Course Reserves Copyright Information

Basic copyright information

Fair Use and Electronic Reserves

Fair Use enables a course to use portions of copyrighted material and post online for a limited time as Electronic Reserves without first needing permission from the publisher and/or rights-holder.

But in order to claim Fair Use, the course can only use new or never been used before readings. Any item that was used in a past course and is to be reused in the same course will be subject to copyright permission. Fair Use is a temporary status that lasts only as long as the course itself, which is usually for one semester. Once the course’s final exams are over, so is Fair Use.

In addition, only a portion of the entire publication (normally no more than 10%) can be considered Fair Use, and even then must follow other guidelines. See UNC-Chapel Hill Copyright Information and Policies for more information.

Take, for instance, the fictitious course ‘Nurs 001’ which wants to use a new set of readings that were not part of its past Electronic Reserves. So, all of the readings submitted for this course for the upcoming semester would be considered “Fair Use.” However, when the same course is offered again next year and any or all of the same readings are to be reused, “Fair Use” will have expired and are thus susceptible to copyright permission.

Even if a new instructor takes over an old class and decides to keep the same syllabus to reuse as Electronic Reserves, “Fair Use” would not apply since all items are course-specific, not instructor-specific. Should the new instructor want to add new readings, however, then those would be considered “Fair Use.”

Remember: “Fair Use” and copyright permission are contingent upon when course readings were last used as Electronic Reserves.

Copyright permission

When is copyright permission needed?

A good rule of thumb is if the reading in question has been used before for the exact same course, then copyright approval may be needed.

Exceptions occur when any of the following conditions are met, thereby eliminating the need to request copyright permission:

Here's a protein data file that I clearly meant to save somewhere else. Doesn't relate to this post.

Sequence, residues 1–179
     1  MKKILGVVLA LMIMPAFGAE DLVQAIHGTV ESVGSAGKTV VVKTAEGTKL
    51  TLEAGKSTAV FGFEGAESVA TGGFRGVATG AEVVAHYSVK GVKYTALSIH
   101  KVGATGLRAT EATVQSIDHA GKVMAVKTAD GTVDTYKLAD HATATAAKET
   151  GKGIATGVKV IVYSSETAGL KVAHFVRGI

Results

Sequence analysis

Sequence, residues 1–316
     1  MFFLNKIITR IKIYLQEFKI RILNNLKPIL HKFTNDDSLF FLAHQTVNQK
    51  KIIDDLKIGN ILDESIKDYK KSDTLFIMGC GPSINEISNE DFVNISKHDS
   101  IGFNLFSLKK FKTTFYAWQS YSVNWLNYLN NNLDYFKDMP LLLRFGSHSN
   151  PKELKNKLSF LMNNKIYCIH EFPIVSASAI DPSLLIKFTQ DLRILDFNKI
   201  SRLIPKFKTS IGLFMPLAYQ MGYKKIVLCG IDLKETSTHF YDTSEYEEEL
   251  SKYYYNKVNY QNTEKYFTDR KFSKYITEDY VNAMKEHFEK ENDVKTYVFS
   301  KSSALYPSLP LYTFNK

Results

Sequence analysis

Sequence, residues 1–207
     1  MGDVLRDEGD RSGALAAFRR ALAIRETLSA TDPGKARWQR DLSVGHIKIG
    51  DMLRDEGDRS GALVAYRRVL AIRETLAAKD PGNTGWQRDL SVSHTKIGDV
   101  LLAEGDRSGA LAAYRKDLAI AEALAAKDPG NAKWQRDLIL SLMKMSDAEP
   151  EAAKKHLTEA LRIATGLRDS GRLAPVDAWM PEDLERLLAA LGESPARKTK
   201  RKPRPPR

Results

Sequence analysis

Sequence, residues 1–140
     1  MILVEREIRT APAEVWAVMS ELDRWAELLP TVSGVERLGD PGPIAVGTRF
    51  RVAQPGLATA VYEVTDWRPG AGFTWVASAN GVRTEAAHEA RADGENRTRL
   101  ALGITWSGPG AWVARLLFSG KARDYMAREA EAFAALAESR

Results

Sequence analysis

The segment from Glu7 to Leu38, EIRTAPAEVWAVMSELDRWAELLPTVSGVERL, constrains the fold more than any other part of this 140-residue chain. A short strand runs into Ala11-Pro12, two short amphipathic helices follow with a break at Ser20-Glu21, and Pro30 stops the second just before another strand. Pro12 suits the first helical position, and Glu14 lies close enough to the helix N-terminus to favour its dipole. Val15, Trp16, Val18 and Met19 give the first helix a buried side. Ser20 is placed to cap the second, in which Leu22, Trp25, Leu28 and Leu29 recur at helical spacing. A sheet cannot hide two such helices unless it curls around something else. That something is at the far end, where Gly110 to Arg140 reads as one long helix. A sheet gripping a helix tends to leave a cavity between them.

• The material is available via the University’s subscribed online holdings
  • The material is available in the Public Domain, which can include local/state/federal governmental publications

Who will request/obtain such permission?

The Reserves Staff at the Health Sciences Library will contact the appropriate rights-holders for any necessary permission. Should any fees be assessed, the library will pay any reasonable cost(s). It should be noted, however, that if warranted the library has the right to pass along any cost(s) back to the respective department(s).

What happens if any have been denied/granted permission?

  • Permission Denied: Should the publisher or rights-holder deny permission to use its material, the Health Sciences Library’s Reserves Staff must adhere to copyright obligations and remove the link(s) that same day. To be fair, we will attempt to notify the instructor, teaching assistant, or other contact with at least a few hours notice.
  • Permission Pending: Likewise, we’ll contact faculty and staff when publishers/rights-holders need clarification before considering permission, especially when we cannot determine the answers ourselves. For instance, there are times in which some details, like class size, are left off the submission form and oftentimes we’re asked to supply the number of students enrolled in the course.
  • Permission Granted: Should the publisher or rights-holder grant permission to use its material, we will not send out any notification. The links will remain active until taken down at the end of the semester.
  • Permission not yet Received: The same holds true when we do not receive any response at all from the publishers/rights-holders. The links will remain active until the end of the semester, in which all course Electronic Reserves for that particular semester are completely removed from the web.

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Copyright FAQs

The following reserve FAQs were originally developed by the Reserves staff at the House Undergraduate Library: http://library.unc.edu/support/reserves/.

Faculty and staff on the Academic Affairs side of campus with reserve questions should contact Undergraduate Library Reserves.

These FAQs have been amended slightly to reflect issues especially relevant to the Health Sciences Library Reserves. Health Affairs faculty and staff with questions regarding reserves should contact Health Sciences Library Reserves.